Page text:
I am really enjoying reading some of the iconic books we grew up with. Usually I have difficulty rereading books because I know what’s going to happen. Thankfully that has not been the case. This blog seems to be helping me pick out things I normally don’t pay attention to. Also my parched parental brain has conveniently forgotten much, so I’ll remember the general story lines but very few details.
At this point I plan to review each of the books in The Obsidian Trilogy. My primary reason being that it has a significant influence in how I read and enjoy novels in the Fantasy genre. A pillar of my pantheon.
Title: The Outstretched Shadow
Series: The Obsidian Trilogy; Book 1
Author: Mercedes Lackey & James Mallory
ROTS Setting: UU, Medieval, Dragons, Higher Magic,
Synopsis: Kellen doesn’t fit the life his father plans for him. A High Mage, like his father, fulfilling the potential and responsibility of his forefathers. A leader in the Golden City, Armethalieh. However, the perfect life prepared for him has dark shadows. When three books find their way into his possession, Kellen must decide to remain in the relative safety of the City of a Thousand Bells or follow the whims of a greater Power.
Recommendation: Adult or late teens. Mild sexual content and innuendos. Moderate violence and high gore, but well balanced and done with purpose. I highly recommend this book!
Ok, I’m old school and this has been and probably always will be “The Obsidian Trilogy” to me. I can’t say I know how, when, or why it’s now called “The Obsidian Mountain Trilogy” but I suspect that it was renamed after they decided to write the sequel trilogy to help differentiate it from the series title/name, “World of Obsidian.” If anyone knows the exact reason (with source) please comment below. I’d be very interested to figure that out.
Much of the general world setting takes many elements from classic fantasy. Good vs Evil. Light vs Dark. With a history of large bloody conflicts in which Light barely wins and the odds are even worse the next time but they still manage to win. The weaving of unicorns, centaurs, fairies, brownies, dragons and the many other magical being into this world is very well done. I normally don’t enjoy stories that feature many of the classic lesser magical creatures but this is so well balanced I hardly notice they blend in so well.
Magic is divided primarily along similar lines. Wild Magic for the good guys. It has some crazy rules and an enigmatic air to it. Dark Magic is for the baddies. Pain in all its forms and death are what fuel it. The common theme though is that for everything there is a price or an exchange. You want “A” so you need to give “B”.
Now Wild Magic requires a physical or magical price from the caster for minor spells, like lighting a candle. Larger spells require that same price along with something called “Magedebt.” A task or additional cost so that the world can remain in balance or to help bring the world into balance. The more specific a caster is in what they want their spell to accomplish the higher the price. I like to think of it as specific questions requiring specific answers. I won’t go any further than that but that’s the gist.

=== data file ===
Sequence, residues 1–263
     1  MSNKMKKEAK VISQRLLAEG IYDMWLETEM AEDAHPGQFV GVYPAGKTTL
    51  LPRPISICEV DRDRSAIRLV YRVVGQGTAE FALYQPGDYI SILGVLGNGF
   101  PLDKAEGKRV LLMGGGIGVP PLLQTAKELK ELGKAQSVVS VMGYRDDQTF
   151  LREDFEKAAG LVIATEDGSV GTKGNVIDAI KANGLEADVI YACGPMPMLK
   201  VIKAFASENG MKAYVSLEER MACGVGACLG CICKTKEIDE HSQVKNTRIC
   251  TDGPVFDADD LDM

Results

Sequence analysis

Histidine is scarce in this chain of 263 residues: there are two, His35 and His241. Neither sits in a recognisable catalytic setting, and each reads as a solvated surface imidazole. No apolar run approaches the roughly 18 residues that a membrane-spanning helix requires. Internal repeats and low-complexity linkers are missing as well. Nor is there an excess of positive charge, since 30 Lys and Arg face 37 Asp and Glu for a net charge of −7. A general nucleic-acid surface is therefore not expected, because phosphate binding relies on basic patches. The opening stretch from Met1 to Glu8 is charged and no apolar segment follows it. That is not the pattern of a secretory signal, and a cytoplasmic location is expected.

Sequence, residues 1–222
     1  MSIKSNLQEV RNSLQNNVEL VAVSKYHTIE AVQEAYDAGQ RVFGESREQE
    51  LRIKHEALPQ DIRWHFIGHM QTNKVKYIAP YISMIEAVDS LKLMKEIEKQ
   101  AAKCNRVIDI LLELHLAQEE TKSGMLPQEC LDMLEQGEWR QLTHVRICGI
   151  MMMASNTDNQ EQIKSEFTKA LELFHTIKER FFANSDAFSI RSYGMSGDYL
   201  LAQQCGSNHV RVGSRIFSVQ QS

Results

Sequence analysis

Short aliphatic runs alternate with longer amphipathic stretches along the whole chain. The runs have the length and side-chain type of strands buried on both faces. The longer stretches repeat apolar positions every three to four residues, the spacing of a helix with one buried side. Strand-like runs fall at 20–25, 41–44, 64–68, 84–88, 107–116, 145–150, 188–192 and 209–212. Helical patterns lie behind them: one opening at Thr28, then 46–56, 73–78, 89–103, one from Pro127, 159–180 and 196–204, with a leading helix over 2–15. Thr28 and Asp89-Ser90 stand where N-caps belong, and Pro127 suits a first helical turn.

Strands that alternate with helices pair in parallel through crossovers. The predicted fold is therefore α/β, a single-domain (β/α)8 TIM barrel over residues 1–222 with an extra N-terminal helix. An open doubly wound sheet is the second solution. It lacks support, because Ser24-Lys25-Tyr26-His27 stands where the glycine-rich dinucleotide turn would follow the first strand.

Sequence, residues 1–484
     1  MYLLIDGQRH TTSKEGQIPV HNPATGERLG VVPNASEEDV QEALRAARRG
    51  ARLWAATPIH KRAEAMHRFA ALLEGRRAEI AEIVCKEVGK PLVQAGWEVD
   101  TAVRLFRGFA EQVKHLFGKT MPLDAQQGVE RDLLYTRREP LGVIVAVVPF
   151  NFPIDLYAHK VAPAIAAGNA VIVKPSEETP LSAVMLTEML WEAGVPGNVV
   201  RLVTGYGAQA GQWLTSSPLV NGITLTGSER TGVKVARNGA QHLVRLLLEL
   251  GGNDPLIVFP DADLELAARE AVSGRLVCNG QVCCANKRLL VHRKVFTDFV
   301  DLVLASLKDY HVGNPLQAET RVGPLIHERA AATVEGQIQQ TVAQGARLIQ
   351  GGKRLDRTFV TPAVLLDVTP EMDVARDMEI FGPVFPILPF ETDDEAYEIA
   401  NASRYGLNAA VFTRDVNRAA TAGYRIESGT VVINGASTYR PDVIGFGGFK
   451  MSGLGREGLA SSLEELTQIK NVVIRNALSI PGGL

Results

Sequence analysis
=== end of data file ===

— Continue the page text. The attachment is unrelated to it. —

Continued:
High Magick is the first magic you’ll come across as it is the magic of Armethalieh, the Golden, the City of a Thousand Bells. It defies convention by eliminating “Magedebt” and only requiring the physical or magic price from the caster. Larger spells usually requiring several mages to act in concert. Another difference is the rote or ridged nature of High Magick with everything being strictly stylized and prescribed while Wild Magic has a fly by the seat of your pants feeling in comparison. This only makes sense when you realize that Wild Magic is a natural and critical part of the world and High Magick was created by humans.
Armethalieh is a wondrous city on the surface with wide clean streets and happy people. Many aspects are good and even the height of civilization, like clean water. However the city is ruled by it’s class of mages. They serve the city while also oppressing it “for the good of the people” and to maintain stability. Every aspect of City life is to serve the mages interests. There is a dark side to the city and Kellen really helps the reader to not only know but understand it.
He’s a rebellious teenager but Kellen doesn’t act out just because. His father is awful. He’s got real daddy issues, but remarkably he’s still pretty balanced and stable compared to other characters I’ve read in the last few months. (If they’d have had a father like this, they’d either commit suicide or have turned into a superhero….or both.) The rigidity that High Magick demands is understandably boring and there’s some foreshadowing elements that highlight this and future events quite nicely. On top of that he’s reasonably intelligent…….although he’s exceptionally innocent and naive to balance that out. Kellen is mildly annoying but in the he’s-only-a-teenager good way.
I enjoy much of the culture and societies that are shown or highlighted. They seem tangible and well thought out. Clearly, a lot of forethought and effort went into each of them so that even the little mundane aspects are logically and naturally present even if they aren’t specifically mentioned.
I’m going to stop here. I really enjoy this book and the others in the trilogy so I really don’t want to give too much away right now. As I mentioned above, I’m going to review the other two books in the trilogy as well. Sort of changing things up a bit and seeing how they go. It has taken quite the effort to get a hold of these books. They’re older but they aren’t that old. You’d think a large metropolitan library system would have them all but you’d be mistaken. Thank goodness for friends.